ERBIL (Kurdistan 24) – The Barzani Charity Foundation (BCF) announced on Tuesday that it had suspended its humanitarian activities in the disputed and pre-dominantly Yezidi (Ezidi) town of Sinjar (Shingal) because PKK-affiliated armed groups had arrested their office head and also prevent the organization from aiding civilians in the area.
According to a BCF statement, armed groups affiliated to the Kurdistan Workers’ Party (PKK), known as the Shingal Resistance Units (YBS), often attacked their staff members on Shingal Mountain while they were conducting humanitarian operations in the area.
“We have decided to remain silent about the PKK armed group and continued to serve the people of Shingal with more aid as well as delivering the voice of Shingal to the world through different international conferences,” the statement read.
“Unfortunately, the PKK fighters continue their inhumane behavior,” it continued. “On April 28, they arrested and jailed the head of our office in Shingal at a time when the BCF and the American organization of Nebraska Church staff were distributing humanitarian aid to the people of Shingal.”
BCF is one of the more active organizations among local and international charity groups, providing humanitarian assistance to hundreds of thousands of Internally Displaced Persons (IDPs) in the Kurdistan Region for over a decade.
The organization was founded in 2005 and has made it an objective to honor the legacy of Malla Mustafa Barzani, the leader of the Kurdish Liberation Movement and a prominent figure in the founding of the contemporary Kurdish nation.
The BCF strongly condemned the arrest and imprisonment of their office head in Shingal and said they could no longer operate and provide humanitarian aid to the people of Shingal as a result.
It warned that the lives of their volunteers and staff would “be at serious risk should they continue to work in the area” because of the “violent behavior” the PKK-affiliated fighters in Shingal demonstrate against civilians and local and international humanitarian organizations.
The Kurdish organization also extended its call to the Federal Government of Iraq, the United Nations, the US-led coalition, and other humanitarian organizations to prevent the armed groups in Shingal from turning the area into their base and fuel political tensions.
“Civilians in Shingal need more help, better living conditions, and the building of infrastructure in their areas,” the BCF stressed.
Kurdistan 24 tried to contact YBS commanders in Shingal to clarify the situation, but they refused to comment.
The emergence of the Islamic State and its violent assault on Shingal in 2014 led to the displacement of hundreds of thousands of Ezidis. Most of them fled to the Kurdistan Region, while others resettled in neighboring countries in the region or Western states.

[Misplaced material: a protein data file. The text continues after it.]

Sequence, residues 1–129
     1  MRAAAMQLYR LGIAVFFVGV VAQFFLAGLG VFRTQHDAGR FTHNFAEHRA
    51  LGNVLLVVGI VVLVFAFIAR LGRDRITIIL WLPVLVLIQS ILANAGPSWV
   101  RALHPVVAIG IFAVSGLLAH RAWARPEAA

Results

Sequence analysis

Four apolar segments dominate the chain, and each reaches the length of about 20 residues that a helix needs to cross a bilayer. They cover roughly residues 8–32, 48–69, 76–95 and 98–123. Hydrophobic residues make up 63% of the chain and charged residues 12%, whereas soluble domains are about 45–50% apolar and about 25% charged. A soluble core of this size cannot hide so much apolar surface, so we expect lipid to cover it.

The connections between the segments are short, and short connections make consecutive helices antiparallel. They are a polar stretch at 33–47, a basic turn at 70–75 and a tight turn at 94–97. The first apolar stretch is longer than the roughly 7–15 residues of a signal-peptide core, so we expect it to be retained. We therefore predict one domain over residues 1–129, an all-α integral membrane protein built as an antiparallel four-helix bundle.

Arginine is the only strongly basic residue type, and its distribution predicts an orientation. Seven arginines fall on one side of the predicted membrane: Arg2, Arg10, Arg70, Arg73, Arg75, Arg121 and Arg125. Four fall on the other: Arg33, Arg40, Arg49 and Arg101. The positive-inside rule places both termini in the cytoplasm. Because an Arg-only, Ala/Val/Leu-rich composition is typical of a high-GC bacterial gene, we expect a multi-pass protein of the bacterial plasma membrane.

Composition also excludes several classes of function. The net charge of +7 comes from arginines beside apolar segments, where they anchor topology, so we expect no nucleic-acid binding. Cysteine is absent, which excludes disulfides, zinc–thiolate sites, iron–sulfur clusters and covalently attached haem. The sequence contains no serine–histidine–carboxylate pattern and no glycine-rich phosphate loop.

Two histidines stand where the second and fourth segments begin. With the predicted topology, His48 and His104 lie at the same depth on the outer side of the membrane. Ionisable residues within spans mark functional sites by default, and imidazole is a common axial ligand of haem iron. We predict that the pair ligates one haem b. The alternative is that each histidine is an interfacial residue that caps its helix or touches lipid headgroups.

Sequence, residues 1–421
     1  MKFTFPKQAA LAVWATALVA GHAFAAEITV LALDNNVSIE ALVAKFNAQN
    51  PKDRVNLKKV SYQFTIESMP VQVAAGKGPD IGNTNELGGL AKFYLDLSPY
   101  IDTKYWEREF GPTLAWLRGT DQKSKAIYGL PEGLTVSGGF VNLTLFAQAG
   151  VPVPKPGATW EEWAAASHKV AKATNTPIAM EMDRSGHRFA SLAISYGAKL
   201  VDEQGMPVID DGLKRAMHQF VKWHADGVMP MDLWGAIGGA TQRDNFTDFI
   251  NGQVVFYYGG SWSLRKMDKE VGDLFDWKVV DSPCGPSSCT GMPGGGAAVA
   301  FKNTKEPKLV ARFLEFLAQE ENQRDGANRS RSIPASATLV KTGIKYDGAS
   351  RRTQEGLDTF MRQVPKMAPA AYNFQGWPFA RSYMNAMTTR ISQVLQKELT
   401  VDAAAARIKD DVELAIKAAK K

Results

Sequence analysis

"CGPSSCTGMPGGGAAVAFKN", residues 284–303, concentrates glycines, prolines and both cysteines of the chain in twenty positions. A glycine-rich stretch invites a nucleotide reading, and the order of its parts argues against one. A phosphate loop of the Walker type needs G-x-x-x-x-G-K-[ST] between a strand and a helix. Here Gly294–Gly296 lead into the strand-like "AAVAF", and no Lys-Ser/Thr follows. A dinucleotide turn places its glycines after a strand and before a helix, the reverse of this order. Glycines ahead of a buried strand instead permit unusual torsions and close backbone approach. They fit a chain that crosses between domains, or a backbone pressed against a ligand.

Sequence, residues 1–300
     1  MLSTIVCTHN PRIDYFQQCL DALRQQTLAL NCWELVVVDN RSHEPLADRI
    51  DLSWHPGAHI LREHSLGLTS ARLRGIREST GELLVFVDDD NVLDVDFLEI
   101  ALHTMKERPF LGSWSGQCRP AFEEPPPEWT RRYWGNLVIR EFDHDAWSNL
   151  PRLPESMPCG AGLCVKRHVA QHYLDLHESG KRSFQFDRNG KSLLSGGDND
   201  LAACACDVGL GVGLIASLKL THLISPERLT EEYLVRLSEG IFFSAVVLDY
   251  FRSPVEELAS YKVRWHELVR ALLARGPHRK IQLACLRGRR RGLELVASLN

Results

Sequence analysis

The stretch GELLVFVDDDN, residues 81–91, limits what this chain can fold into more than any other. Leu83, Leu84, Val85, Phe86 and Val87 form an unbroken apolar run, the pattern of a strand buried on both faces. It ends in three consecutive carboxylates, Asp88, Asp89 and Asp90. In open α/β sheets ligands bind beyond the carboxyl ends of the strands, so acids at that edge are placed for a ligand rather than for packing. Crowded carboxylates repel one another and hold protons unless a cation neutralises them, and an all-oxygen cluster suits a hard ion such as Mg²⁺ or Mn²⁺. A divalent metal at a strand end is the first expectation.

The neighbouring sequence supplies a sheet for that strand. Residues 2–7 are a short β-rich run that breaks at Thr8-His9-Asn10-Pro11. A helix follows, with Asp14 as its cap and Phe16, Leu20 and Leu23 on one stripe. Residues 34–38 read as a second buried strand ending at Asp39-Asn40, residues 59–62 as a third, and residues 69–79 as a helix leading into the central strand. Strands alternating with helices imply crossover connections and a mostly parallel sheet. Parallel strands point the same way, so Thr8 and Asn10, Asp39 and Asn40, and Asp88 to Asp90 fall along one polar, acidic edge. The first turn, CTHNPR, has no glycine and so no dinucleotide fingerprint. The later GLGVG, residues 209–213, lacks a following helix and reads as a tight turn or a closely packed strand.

Others were not as lucky and remained stranded in the war zone, where they experienced atrocities and mass executions at the hands of the extremist group for years. Militants subjected women and girls to sexual slavery, kidnapped children, forced religious conversions, executed scores of men, and abused, sold, and trafficked females across areas they controlled in Iraq and Syria.
Before the 2014 attack, there were roughly 550,000 Ezidis in the Kurdistan Region and Iraq. As the militants took over large swaths of territory in Nineveh province, 360,000 Ezidis escaped and found refuge elsewhere, according to the Kurdistan Regional Government’s (KRG) Ezidi Rescue Office.
The BCF was the first humanitarian organization to deliver aid to dozens of thousands of Ezidis trapped on Shingal Mountain.
So far, over 69 mass graves which contain the remains of Ezidis have been excavated along with untold numbers of individual graves.
Kurdish and Ezidi Peshmerga forces, with the support of the US-led coalition, liberated Shingal from the Islamic State in November 2015. However, the town remains virtually vacant with little to no basic services available.
Shingal, an area disputed between Erbil and Baghdad, is currently under the control of Iraqi forces and Shia-dominated militias. These forces, plus a limited number of Peshmerga and other Kurdish fighters, are present in Shingal and its outskirts with reports of tensions between them over who will control the strategic town that lies near the Syrian border.
Although Shingal was fully liberated from the Islamic State by late 2017, hundreds of thousands of Ezidis remain displaced in the Kurdistan Region due to insecurity and a lack of basic services in their largely-destroyed hometown.
Editing by Karzan Sulaivany